A  A  A   Print
Food Price Hikes May Affect Those With Type 2 Diabetes

Food Price Hikes May Affect Those With Type 2 Diabetes

FRIDAY, Feb. 14, 2014 (HealthDay News) -- Food prices are linked to blood sugar levels in people with type 2 diabetes, a new study suggests.

To reach this conclusion, researchers from the U.S. Department of Agriculture (USDA) merged information from two giant studies.

From the first study, the National Health and Nutrition Examination Survey (NHANES), they gathered blood sugar measures of about 2,400 adults who met a definition of type 2 diabetes.

They then compared those levels to average grocery prices over the previous three months in 35 markets around the United States. Those prices came from the Quarterly Food-at-Home Price Database.

The result? As the costs of healthy foods like fruits, vegetables and low-fat dairy products climbed, so did blood sugar levels. The reverse was true for unhealthy foods. Falling prices for sugar, saturated fat and total calories were tied to higher blood sugar levels in people with diabetes. Those relationships were strongest for low-income consumers.

"Most likely, it's because people eat less produce and switch to products that are less healthy," said study author Ilya Rahkovsky, an economist with the USDA's Economic Research Service in Washington, D.C.

The study is published online in the Feb. 13 issue of the American Journal of Public Health.

A December study from the Harvard School of Public Health estimated that healthy eating costs the average person about $1.50 per day more than unhealthy eating.

That may not be such a stretch for a middle-class family. But experts say that kind of price hike may prohibitive for the poor, forcing them to swap fruits, vegetables and lean proteins for more processed and junk foods, which tend to be higher in fat, added sugar and calories.

The new study found that for every increase of roughly 10 cents per pound in the cost of produce, fasting blood sugar climbed 20 milligrams per deciliter (mg/dL), or about 13 percent of the average fasting glucose level in the study, which was 162 mg/dL.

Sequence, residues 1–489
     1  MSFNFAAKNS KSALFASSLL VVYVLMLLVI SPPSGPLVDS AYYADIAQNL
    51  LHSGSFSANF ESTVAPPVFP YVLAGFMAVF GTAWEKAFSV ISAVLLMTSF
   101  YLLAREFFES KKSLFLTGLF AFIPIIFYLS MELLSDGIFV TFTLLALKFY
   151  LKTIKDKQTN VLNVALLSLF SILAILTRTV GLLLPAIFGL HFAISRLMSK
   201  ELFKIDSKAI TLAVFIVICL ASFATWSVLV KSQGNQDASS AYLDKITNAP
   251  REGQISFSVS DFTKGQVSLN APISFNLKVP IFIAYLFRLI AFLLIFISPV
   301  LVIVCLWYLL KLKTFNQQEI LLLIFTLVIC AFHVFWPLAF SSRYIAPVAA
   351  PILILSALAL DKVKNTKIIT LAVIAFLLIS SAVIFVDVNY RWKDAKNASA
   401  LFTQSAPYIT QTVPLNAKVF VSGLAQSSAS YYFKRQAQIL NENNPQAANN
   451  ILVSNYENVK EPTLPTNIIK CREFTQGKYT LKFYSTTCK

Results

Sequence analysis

Every roughly 14-cent increase in a pound of low-fat dairy was tied to a 9 mg/dL increase in fasting blood sugar, about 6 percent of the average level.

While the study found an association between food prices and blood sugar levels in those with type 2 diabetes, it did not establish a cause-and-effect link.

"Healthy foods are more expensive, and being forced to purchase unhealthy foods, maybe for economic reasons, does have health consequences," said Adam Drewnowski, director of the nutritional sciences program at the University of Washington, in Seattle. He was not involved in the research.

"Instead of merely advising people to consume expensive foods for better health, we ought to pay more attention to prices," he said.

More information

Visit the American Diabetes Association for a low-cost eating plan for diabetes.

SOURCES; Ilya Rahkovsky, Ph.D., economist, Economic Research Service, U.S. Department of Agriculture, Washington, D.C.; Adam Drewnowski, Ph.D., director, Nutritional Sciences Program, University of Washington, Seattle, February 13, 2014, American Journal of Public Health

 
Today's Interactive Tools

The third-party content provided in the Health Library of phoebeputney.com is for informational purposes only and is not designed to diagnose or treat a health problem or disease, or replace the professional medical advice you receive from your physician. If you or your child has or suspect you may have a health problem, please consult your primary care physician. If you or your child may have a medical emergency, call your doctor or 911 or other emergency health care provider immediately in the United States or the appropriate health agency of your country. For more information regarding site usage, please visit: Privacy Information, Terms of Use or Disclaimer.

Follow us online:

© 2014 Phoebe Putney Health System  |  417 Third Avenue, Albany, Georgia 31701  |  Telephone 877.312.1167

Phoebe Putney Health System is a network of hospitals, family medicine clinics, rehab facilities, auxiliary services, and medical education training facilities. Founded in 1911,
Phoebe Putney Memorial Hospital (the flagship hospital) is one of Georgia's largest comprehensive regional medical centers. From the beginning, Phoebe's mission and vision
has been to bring the finest medical talent and technology to the citizens of Southwest Georgia, and to serve all citizens of the community regardless of ability to pay.